Join us in an exploration of the diverse movements, artists, approaches, and mediums that have shaped the "state of art" as we know it today. Each month we select a theme and dive into its role in the arts and how diverse factions of the art world have addressed and/or been influenced by the topic of choice.
Everyone is familiar with MIT and the university's reputation as a serious force in the world of science, tech, and research, but how many are aware of MIT's legacy in the arts? Did you know that MIT's founder had envisioned incorporating the arts from the very beginning?
In this episode we speak with Leila Kinney and Evan Ziporyn of MIT's Center for Art, Science, and Technology (CAST) about MIT's culture of creativity and exploration, the institution's mission to humanize science and tech, and the exciting projects that have emerged from CAST, like Tomás Saraceno's Arachnid Orchestra.
-About Leila Kinney-
Leila W. Kinney is the Executive Director of Arts Initiatives and of the MIT Center for Art, Science & Technology (CAST), working with Associate Provost Philip S. Khoury, the School of Architecture and Planning (SA+P), the School of Humanities, Arts, and Social Sciences (SHASS), the Creative Arts Council, the Council for the Arts at MIT, the MIT List Visual Arts Center, and the MIT Museum, to advance the arts at MIT in the areas of strategic planning, cross-school collaborations, communications and resource development.
Kinney is an art historian with experience in both SA+P, where she was on the faculty in the History, Theory and Criticism section of the Department of Architecture (HTC) and SHASS, where she taught in the Program in Women’s Studies and in Comparative Media Studies. She specializes in modern art, with an emphasis on media in transition, arts institutions and artists’ engagement with mass culture. She is a member of the Executive Committee of a2ru (Alliance for the Arts in Research Universities) and of the Advisory Committees of the Catalyst Collaborative at MIT, the MIT List Visual Arts Center and the MIT Museum.
-About Evan Ziporyn-
Evan Ziporyn makes music at the crossroads between genres and cultures, and between East and West. He studied at the Eastman School of Music, Yale University, and UC Berkeley with Joseph Schwantner, Martin Bresnick, and Gerard Grisey. He first traveled to Bali in 1981, studying with Madé Lebah, Colin McPhee’s 1930s musical informant. He returned on a Fulbright in 1987.
Earlier that year, he performed a clarinet solo at the First Bang on a Can Marathon in New York. His involvement with Bang on a Can continued for twenty five years. In 1992, he co-founded the Bang on a Can All-stars (Musical America’s 2005 Ensemble of the Year), with whom he toured the globe and premiered over one hundred commissioned works, collaborating with Nik Bartsch, Iva Bittova, Don Byron, Ornette Coleman, Brian Eno, Philip Glass, Meredith Monk, Thurston Moore, Terry Riley, and Tan Dun. He co-produced their seminal 1996 recording of Brian Eno’s “Music for Airports,” as well as their most recent CD, “Big Beautiful Dark & Scary” (2012).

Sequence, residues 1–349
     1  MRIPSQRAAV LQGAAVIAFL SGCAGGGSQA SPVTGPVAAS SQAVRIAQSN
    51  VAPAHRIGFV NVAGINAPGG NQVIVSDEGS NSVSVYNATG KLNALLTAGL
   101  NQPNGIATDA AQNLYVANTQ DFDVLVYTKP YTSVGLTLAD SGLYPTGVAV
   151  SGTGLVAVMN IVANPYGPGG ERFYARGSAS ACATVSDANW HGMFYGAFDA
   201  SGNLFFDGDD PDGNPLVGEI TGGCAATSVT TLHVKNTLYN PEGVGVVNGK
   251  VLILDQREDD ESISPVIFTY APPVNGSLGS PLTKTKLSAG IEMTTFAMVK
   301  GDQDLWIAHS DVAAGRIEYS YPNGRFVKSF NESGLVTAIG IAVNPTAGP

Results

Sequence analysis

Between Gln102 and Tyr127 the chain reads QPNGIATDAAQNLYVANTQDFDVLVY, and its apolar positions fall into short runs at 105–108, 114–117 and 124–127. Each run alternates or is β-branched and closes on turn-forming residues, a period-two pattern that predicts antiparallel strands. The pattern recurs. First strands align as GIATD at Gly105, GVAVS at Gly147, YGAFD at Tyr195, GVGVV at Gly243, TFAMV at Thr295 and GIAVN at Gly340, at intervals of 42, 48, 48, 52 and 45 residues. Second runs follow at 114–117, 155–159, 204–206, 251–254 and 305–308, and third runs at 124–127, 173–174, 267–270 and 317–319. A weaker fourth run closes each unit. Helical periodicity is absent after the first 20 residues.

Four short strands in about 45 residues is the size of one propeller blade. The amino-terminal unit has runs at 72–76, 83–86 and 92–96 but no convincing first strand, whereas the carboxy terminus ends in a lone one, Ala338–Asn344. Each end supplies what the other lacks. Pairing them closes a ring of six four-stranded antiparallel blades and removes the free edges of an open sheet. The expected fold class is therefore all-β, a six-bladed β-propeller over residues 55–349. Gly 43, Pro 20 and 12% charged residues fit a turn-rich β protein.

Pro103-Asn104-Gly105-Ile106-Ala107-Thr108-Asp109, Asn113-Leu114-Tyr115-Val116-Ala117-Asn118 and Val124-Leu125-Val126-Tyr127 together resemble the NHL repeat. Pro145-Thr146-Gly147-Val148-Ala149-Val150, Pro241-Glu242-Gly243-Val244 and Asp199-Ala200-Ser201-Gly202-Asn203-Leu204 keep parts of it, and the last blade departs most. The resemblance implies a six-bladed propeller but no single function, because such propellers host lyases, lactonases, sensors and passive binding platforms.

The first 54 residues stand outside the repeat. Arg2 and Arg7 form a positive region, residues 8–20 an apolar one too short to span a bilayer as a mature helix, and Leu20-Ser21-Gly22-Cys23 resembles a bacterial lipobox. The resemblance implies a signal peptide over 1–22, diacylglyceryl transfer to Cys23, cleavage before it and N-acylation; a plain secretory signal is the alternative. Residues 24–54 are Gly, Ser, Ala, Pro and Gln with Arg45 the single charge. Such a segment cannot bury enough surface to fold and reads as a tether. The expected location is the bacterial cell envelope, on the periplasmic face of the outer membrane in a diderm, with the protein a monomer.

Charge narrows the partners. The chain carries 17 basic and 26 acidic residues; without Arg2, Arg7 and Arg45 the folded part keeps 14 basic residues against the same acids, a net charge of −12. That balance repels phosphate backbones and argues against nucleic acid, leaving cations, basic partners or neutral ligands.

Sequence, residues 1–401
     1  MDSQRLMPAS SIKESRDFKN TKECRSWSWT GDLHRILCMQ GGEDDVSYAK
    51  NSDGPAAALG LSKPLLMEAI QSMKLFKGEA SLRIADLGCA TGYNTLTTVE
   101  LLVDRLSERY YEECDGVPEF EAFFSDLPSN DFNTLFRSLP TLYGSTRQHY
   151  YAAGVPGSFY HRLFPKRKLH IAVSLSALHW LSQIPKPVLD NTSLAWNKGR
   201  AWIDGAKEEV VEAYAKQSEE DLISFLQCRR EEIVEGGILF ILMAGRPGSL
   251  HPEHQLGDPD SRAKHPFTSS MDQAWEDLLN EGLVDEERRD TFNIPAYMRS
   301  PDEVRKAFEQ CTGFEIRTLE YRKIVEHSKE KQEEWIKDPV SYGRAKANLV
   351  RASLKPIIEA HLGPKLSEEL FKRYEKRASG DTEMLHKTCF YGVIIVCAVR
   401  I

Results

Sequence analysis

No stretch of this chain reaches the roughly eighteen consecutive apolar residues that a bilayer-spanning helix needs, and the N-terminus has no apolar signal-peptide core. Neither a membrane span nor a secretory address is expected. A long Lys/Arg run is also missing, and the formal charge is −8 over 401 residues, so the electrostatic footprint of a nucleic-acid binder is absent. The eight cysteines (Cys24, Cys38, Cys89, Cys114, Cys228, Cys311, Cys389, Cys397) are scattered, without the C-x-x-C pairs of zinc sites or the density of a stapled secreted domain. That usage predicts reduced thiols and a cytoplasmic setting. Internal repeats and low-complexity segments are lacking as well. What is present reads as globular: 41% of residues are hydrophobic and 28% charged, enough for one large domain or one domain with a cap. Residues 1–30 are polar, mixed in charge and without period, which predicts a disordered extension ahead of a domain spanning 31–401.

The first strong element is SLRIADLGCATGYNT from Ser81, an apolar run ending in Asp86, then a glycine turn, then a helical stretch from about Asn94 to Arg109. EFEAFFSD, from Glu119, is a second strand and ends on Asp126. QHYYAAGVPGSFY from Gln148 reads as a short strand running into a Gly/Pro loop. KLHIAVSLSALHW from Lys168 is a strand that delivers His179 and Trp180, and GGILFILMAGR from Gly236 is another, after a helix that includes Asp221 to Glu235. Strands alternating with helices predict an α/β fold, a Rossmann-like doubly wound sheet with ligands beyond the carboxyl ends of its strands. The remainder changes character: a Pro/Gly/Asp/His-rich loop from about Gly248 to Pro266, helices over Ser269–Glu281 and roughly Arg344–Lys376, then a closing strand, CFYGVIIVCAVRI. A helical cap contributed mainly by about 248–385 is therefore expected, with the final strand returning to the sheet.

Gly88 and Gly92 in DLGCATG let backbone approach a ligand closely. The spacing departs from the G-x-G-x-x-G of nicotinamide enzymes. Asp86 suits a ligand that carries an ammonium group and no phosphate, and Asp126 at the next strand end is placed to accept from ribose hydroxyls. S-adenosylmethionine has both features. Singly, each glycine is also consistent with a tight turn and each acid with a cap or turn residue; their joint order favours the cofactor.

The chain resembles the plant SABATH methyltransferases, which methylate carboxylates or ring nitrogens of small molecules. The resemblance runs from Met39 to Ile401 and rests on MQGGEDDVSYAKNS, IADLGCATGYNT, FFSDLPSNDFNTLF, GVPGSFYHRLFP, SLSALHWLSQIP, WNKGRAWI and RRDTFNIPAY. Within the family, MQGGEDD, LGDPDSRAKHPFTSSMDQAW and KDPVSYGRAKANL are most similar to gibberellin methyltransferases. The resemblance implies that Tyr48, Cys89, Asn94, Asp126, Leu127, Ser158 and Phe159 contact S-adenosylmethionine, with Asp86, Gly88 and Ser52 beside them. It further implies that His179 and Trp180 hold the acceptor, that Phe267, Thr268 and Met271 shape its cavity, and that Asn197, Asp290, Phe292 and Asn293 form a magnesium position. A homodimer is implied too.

Ziporyn joined the MIT faculty in 1990, founding Gamelan Galak Tika in 1993, and beginning a series of groundbreaking compositions for gamelan & Western instruments. These include three evening-length works, 2001’s “ShadowBang,” 2004’s “Oedipus Rex” (Robert Woodruff, director), and 2009’s “A House in Bali,” an opera which joins Western singers with Balinese traditional performers, and the Bang on a Can All-stars with a full gamelan. It received its world premiere in Bali that summer and its New York premiere at BAM Next Wave in October 2010.
As a clarinetist, Ziporyn recorded the definitive version of Steve Reich’s multi-clarinet “New York Counterpoint” in 1996, sharing in that ensemble’s Grammy in 1998. In 2001, his solo clarinet CD, “This is Not A Clarinet,” made Top Ten lists across the country. His compositions have been commissioned by Yo-Yo Ma’s Silk Road, Kronos Quartet, American Composers Orchestra, Maya Beiser, So Percussion, Wu Man, and the Boston Modern Orchestra Project, with whom he recorded his most recent CD, “Big Grenadilla/Mumbai” (2012). His honors include awards from the Massachusetts Cultural Council (2011); The Herb Alpert Foundation (2011); USA Artists Walker Fellowship (2007); MIT’s Gyorgy Kepes Prize (2006); the American Academy of Arts and Letters Goddard Lieberson Fellowship (2004); as well as commissions from Meet the Composer/Commissioning Music USA and the Rockefeller MAP Fund. Recordings of his works have been been released on Cantaloupe, Sony Classical, New Albion, New World, Koch, Naxos, Innova, and CRI.
He is Kenan Sahin Distinguished Professor of Music at MIT. He also serves as Head of Music and Theater Arts, and in 2012 was appointed inaugural Director of MIT’s Center for Art Science & Technology. He lives in Lexington, Massachusetts, with Christine Southworth, and has two children, Leonardo (19) and Ava (12).
-About MIT CAST-
The MIT Center for Art, Science & Technology (CAST) creates new opportunities for art, science and technology to thrive as interrelated, mutually informing modes of exploration, knowledge and discovery. CAST’s multidisciplinary platform presents performing and visual arts programs, supports research projects for artists working with science and engineering labs, and sponsors symposia, classes, workshops, design studios, lectures and publications. The Center is funded in part by a generous grant from the Andrew W. Mellon Foundation.